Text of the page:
Dr. John Kenagy
By
November 24, 2017

Redefining Success: Designing to Adapt in 21st Century Healthcare

Designing to Adapt in 21st Century Healthcare

Modern Healthcare has problems, and that’s our opportunity. 

  1. All healthcare organizations are under pressure to maintain financial stability and some can’t. What if you had financial strength?
  2. A recent survey reported 85% of patients and providers say healthcare costs are disproportionate to What if your patients said, “My care is a great value!”
  3. Ninety-six percent of patients believe U.S. healthcare has problems. What if your patients said, “My healthcare system solves my problems!”
  4. An astonishing 80% of patients say their health has not improved in the last year. What if your patients said, “I have access to the Best Care! My health is improving! I can afford it and I love it!”

None of our great Centers of Excellence (CoE) can provide more access to the Best Care at continually lower cost. What if your organization differentiated itself by doing exactly that? You would become a Center of Value and Excellence (CoVE) and have competitive advantage in 21st Century healthcare.

How would that happen? I’ll explain… what is the surest path to success, 1 or 2?

  1. Management ideas, best practices, projects, consultants and technologies?
  2. Adaptive learning and internal innovation?

Most identify #1 as important, but see the key to redefining success is #2. Here’s why: most management ideas, best practices and technologies are readily available to be copied and implemented, and consultants will be overjoyed to have you pay them to do it.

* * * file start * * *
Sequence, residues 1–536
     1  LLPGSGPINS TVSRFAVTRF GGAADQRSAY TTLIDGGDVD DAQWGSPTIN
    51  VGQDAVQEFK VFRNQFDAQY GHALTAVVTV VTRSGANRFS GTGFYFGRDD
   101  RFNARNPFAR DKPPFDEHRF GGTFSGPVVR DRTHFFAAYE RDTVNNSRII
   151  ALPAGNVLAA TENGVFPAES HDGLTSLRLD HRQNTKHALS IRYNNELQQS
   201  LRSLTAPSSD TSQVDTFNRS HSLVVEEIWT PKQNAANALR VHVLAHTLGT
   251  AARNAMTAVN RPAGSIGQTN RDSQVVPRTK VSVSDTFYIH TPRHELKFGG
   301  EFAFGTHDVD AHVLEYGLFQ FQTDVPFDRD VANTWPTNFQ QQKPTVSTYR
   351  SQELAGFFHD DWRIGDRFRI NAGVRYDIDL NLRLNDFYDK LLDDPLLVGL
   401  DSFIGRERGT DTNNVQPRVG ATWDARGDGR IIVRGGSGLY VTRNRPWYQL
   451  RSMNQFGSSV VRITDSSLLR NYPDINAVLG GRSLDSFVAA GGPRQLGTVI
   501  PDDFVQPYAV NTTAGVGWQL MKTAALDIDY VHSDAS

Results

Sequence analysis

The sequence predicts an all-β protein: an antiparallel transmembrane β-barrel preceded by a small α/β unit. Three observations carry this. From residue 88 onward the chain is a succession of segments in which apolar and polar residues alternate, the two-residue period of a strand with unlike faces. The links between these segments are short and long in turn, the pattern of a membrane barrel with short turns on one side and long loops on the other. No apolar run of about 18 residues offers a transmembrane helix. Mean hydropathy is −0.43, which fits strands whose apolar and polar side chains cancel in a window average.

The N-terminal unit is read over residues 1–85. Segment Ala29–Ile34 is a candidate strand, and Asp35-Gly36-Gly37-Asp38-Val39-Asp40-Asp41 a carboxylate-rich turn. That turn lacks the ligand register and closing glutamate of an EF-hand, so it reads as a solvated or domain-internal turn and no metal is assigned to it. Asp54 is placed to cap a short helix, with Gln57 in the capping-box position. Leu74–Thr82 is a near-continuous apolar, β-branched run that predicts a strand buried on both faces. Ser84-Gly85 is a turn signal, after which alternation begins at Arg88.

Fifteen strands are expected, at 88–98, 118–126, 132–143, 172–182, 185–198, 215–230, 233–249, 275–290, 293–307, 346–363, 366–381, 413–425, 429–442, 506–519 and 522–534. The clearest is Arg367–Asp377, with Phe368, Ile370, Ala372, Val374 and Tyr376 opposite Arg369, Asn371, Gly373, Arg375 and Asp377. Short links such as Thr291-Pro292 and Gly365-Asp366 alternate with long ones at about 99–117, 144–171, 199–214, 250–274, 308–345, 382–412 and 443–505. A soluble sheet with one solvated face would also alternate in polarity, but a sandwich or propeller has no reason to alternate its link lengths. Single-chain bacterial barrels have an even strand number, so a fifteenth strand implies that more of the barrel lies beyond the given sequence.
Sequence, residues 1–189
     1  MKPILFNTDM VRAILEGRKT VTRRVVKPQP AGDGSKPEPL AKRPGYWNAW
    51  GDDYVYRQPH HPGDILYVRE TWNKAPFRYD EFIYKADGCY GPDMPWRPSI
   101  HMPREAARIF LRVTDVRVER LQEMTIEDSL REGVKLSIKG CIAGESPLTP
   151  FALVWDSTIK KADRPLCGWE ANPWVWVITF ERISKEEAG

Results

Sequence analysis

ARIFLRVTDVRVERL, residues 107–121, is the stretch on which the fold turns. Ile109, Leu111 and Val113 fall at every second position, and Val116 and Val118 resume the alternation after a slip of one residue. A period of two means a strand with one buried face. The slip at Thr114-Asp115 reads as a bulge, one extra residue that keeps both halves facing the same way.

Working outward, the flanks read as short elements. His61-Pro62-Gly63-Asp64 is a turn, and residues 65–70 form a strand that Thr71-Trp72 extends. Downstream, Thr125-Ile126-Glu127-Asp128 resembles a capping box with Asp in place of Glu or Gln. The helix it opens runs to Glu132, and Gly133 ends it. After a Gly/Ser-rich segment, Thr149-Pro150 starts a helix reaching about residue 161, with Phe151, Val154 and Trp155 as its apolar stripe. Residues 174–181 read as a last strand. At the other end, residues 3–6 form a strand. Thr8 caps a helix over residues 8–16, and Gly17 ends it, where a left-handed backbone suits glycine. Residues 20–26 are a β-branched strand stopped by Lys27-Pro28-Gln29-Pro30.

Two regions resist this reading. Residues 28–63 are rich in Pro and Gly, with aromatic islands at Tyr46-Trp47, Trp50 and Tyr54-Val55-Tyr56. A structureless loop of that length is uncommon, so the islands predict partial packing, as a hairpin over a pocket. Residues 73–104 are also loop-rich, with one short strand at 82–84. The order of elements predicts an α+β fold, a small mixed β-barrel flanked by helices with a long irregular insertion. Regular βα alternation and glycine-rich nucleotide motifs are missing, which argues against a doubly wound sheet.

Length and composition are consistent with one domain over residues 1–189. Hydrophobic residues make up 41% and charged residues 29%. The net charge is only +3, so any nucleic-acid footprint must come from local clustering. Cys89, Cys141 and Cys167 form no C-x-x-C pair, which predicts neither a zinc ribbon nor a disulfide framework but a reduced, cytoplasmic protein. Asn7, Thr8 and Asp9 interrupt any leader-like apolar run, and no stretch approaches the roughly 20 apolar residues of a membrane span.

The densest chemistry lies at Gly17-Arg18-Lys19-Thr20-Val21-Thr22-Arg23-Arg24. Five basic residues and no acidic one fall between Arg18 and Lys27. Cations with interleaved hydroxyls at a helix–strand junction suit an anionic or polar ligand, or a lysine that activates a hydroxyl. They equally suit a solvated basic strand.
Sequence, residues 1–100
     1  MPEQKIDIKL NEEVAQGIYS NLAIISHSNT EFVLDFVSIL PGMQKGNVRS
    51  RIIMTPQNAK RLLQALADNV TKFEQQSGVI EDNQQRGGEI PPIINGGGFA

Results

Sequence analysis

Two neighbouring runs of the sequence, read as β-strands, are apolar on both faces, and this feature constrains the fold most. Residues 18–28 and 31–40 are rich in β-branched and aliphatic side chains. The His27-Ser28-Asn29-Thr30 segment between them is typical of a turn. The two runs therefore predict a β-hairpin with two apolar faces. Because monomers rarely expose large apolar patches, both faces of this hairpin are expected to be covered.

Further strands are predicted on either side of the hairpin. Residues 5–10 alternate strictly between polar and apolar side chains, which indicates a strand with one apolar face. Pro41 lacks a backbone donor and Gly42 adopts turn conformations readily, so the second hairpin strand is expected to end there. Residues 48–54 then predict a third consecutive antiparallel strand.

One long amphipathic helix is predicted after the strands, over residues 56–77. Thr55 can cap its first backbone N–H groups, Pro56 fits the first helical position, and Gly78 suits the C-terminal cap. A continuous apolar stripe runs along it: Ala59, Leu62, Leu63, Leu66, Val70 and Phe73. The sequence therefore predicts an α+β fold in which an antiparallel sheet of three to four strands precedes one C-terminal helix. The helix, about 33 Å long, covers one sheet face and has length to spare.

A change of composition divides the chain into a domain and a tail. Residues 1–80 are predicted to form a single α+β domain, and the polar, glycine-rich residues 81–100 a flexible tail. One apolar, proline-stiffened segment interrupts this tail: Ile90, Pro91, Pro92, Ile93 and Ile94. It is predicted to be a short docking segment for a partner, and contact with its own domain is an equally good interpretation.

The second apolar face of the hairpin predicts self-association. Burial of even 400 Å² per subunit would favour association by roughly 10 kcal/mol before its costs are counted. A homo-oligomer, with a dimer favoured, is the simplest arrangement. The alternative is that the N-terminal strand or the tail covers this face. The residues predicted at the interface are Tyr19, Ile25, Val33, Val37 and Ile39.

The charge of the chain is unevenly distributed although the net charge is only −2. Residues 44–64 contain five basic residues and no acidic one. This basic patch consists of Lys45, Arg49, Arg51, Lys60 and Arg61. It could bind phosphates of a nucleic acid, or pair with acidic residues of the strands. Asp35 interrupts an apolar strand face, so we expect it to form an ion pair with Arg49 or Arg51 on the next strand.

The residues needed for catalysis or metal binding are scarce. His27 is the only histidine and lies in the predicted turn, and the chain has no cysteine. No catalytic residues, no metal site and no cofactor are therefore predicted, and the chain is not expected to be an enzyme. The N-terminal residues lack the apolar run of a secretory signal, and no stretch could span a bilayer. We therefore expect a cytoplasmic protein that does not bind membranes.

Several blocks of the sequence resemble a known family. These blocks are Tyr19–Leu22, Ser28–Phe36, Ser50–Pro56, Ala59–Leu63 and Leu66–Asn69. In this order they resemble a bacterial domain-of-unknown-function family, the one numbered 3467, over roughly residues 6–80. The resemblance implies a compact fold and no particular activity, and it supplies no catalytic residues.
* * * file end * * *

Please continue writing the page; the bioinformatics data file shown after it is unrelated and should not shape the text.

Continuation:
Design Thinking for a Digital Future

Therefore, adaptive learning and internal innovation are your key sources of differentiation and competitive advantage. So, here’s what to do and not do…

  1. Don’t buy solutions! Our current system is perfectly designed to deliver all our woes. It’s a system problem to solve with no quick fix. We all have intelligent, talented, skilled, committed people. Why not empower them to create system solutions? Use Adaptive Design: the continuous improvement Operating System. 
  1. Don’t Implement Best Practices! Multiply the power of your people and resources to develop your own new best practices. The goal is not to copy; it’s to be copied. That’s the objective of the Adaptive Design Online Learning System. 
  1. Don’t do big, expensive projects! Think small, simple and safe; then, learn and In Adaptive Design, it’s one unit or service line (the Learning Line) that creates your first Center of Value and Excellence (CoVE). 
  1. Don’t use consultants or technology except to solve specific, technical problems! Adaptive Design empowers your people (Learner/Leader/Teachers) to redesign the work, deliver the opportunity and then systematically replicate and scale 
  1. Don’t implement solutions! Instead, leadership sets direction with a clear, consistent, meaningful Purpose (Ideal Patient Care), and then uses four simple rules to drive continuous improvement as part of everyone’s daily 

For example, an Adaptive Design Learning Line in a Midwestern community hospital just increased their HCAHPS scores 107%, and improved their Balanced Scorecard results from lowest to highest in the hospital, all in less than six months.

That’s success redefined: low risk, high reward, fast.

Why We Need Health-Care Innovation More than Ever

 


About the Author

John W. Kenagy, MD, MPA, ScD, FACS Kenagy & Associates, LLC info@kenagyassociates.com

Dr. Kenagy's award-winning book "Designed to Adapt: Leading Healthcare in Challenging Times" (Second River Healthcare Press, September 2009), online Experience Adaptive Design learning system and leadership development work focus on getting patients exactly what they need at continually lower cost.

Big solutions for healthcare’s cost and quality problems can only go so far. According to Dr. Kenagy – who has more than 40 years of experience within the industry as a patient, physician, executive and Visiting Scholar at Harvard Business School – the cause of today’s healthcare crisis is a management system better suited for 20th century factories than 21st century healthcare. 

From his multi-faceted experience in healthcare and after studying organizations that excel at managing complex and unpredictable work, Dr. Kenagy developed a method to get healthcare organizations back to delivering on the fundamental promise of their calling – safely providing exactly what patients need and at lower cost. 


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